TV Review – Blumhouse’s “Into the Dark: Pilgrim” on Hulu

From the sinister minds that brought you The Purge, Happy Death Day and Paranormal Activity, comes the new Hulu original horror series Into the Dark, which turns every holiday into a complete nightmare. The new horror anthology series will feature different actors in each episode, with a new episode being released each month focusing on a holiday from that month.

The latest episode of Into the Dark is titled “Pilgrim” and it is the second installment to focus on Thanksgiving, after last year’s “Flesh & Blood.” This new episode definitely takes more chances than last year’s, and most other episodes for that matter, and as a result it is a lot more unique. But that may not always be a good thing.

My biggest recurring problem with some of the episodes of Into the Dark has been that they’re too straight forward an predictable, without any sort of twist to add intrigue late in the story. So in the early going of “Pilgrim” I was happy to see how different the story was and how unique the episode was as a whole, from the editing to the characters to every other detail.

As it went on though, it got to be just too outside the box for me. Prior to this, “Treehouse” was probably the most bizarre installment in the series. “Pilgrim” blows that out of the water, and it all starts with the editing. There are multiple times where we get a split screen to see two characters in different locations. We also get several instant replays of what just happened, as if an analyst is going to come on and break down exactly how it happened for us.

That level of weirdness carries over into the truly strange pilgrim characters who appear to have no other motive than to terrorize this family. The main characters ask them what they want several times, to which the response is always some form of “for you to be grateful.” If that’s the case though, why are they straight up trying to kill people? They’re not exactly the most complex or even well-thought out horror villains.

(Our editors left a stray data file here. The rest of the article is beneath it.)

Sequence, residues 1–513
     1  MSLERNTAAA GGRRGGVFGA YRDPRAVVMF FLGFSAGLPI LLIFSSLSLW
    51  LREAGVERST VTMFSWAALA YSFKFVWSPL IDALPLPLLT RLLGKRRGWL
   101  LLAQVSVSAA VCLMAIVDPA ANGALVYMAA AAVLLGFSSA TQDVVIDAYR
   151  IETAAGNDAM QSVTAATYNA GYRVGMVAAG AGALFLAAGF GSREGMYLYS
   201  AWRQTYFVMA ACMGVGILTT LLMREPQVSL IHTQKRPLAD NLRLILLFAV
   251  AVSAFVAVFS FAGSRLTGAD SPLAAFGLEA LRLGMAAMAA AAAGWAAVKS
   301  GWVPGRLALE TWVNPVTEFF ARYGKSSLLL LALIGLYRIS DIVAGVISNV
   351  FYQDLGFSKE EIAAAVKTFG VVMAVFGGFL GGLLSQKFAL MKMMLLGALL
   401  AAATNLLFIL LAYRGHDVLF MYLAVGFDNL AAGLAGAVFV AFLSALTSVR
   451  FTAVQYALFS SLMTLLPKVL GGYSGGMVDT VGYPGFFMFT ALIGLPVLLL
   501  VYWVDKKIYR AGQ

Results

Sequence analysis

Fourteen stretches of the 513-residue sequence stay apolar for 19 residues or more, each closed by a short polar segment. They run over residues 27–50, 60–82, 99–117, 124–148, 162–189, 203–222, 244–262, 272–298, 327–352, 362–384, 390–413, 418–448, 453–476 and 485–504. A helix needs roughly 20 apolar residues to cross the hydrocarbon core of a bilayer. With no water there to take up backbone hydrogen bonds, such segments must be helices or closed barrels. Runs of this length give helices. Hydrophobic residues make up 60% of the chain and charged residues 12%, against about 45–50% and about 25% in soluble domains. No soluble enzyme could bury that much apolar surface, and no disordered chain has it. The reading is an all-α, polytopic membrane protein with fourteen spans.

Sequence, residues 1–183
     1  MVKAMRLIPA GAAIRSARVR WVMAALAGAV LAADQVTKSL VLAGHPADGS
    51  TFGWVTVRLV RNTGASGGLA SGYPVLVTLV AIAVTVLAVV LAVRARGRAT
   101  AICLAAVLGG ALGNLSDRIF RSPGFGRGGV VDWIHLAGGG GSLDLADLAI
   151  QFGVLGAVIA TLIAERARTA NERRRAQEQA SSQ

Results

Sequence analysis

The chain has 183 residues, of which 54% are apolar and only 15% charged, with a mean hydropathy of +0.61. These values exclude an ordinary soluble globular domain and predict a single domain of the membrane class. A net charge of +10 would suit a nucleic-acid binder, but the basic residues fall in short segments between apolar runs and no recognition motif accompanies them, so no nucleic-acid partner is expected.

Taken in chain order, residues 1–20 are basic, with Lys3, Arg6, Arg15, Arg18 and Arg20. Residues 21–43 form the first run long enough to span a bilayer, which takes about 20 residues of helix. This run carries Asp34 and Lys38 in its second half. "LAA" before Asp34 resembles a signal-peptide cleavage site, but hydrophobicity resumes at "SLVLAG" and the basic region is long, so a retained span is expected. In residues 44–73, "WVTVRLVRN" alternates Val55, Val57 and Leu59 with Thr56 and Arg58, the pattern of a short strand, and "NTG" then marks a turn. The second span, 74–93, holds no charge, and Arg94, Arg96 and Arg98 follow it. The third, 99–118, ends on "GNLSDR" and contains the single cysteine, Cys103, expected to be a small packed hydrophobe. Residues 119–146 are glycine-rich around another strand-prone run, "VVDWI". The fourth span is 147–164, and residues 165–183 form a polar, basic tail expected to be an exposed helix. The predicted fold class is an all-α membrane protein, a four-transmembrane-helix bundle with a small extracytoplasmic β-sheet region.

One thing I did enjoy about “Pilgrim” in the early going was the pace. It was a very slow build to the true horror. Many times, Into the Dark will rush into the threat a little too soon and while “Pilgrim” definitely provided some creepy vibes, the threat didn’t fully emerge until very late.

With that being said, it might have been a little too slow. After a certain point, I was just ready for something to happen already. It plays a game of making you think, “maybe they’re not actually bad” because of how long it takes for things to happen. But after a while of hinting at some craziness, it just becomes more and more obvious.

To keep the excitement up in that time, “Pilgrim” employs one horror movie trope that I can’t stand – the cheap jump scare. I don’t have a problem with jump scares when they progress the story, but to throw one in just to add scares where there are none just comes off as annoying. A boiling tea pot, someone entering a room or even just a sudden swell of music for no apparent reason shouldn’t be used to just buy time for when the actual scary stuff comes.

As is always the case with Into the Dark though, it’s not all bad. The cast once again does a fantastic job, especially given the nearly impossible characters they have to play. Peter Giles, who plays the Pilgrim leader Ethan, is a great psychotic villain while Reign Edwards, who plays the skeptical Cody, grounds the episode with a very necessary measure of sanity.

Not to end on a bad note, but that’s essentially what “Pilgrim” does with possibly the most gruesome final act of any Into the Dark installment. While most of the episode is rather tame in terms of blood and violence, the last 15 minutes or so goes so over the top that it will really leave a bad taste in your mouth. Wink wink.

Overall, “Pilgrim” seems to be one of the weakest episodes of Into the Dark. It’s just too bizarre for me, on every level and if you have a weak stomach, the ending will not be for you. Again, the cast does a great job and still provides more than enough reason to watch. Plus, for the second episode in a row, there’s a Pooka hidden in the background! This one is more obvious than the last, so it won’t be hard to find the fan-favorite doll from last year’s Christmas-themed episode (which is still the strongest, and it’s not close).

“Pilgrim” is streaming on Hulu now. Be sure to check out our reviews of previous episodes as I will continue to bring you an advanced warning as to just how much sleep each episode might cost you.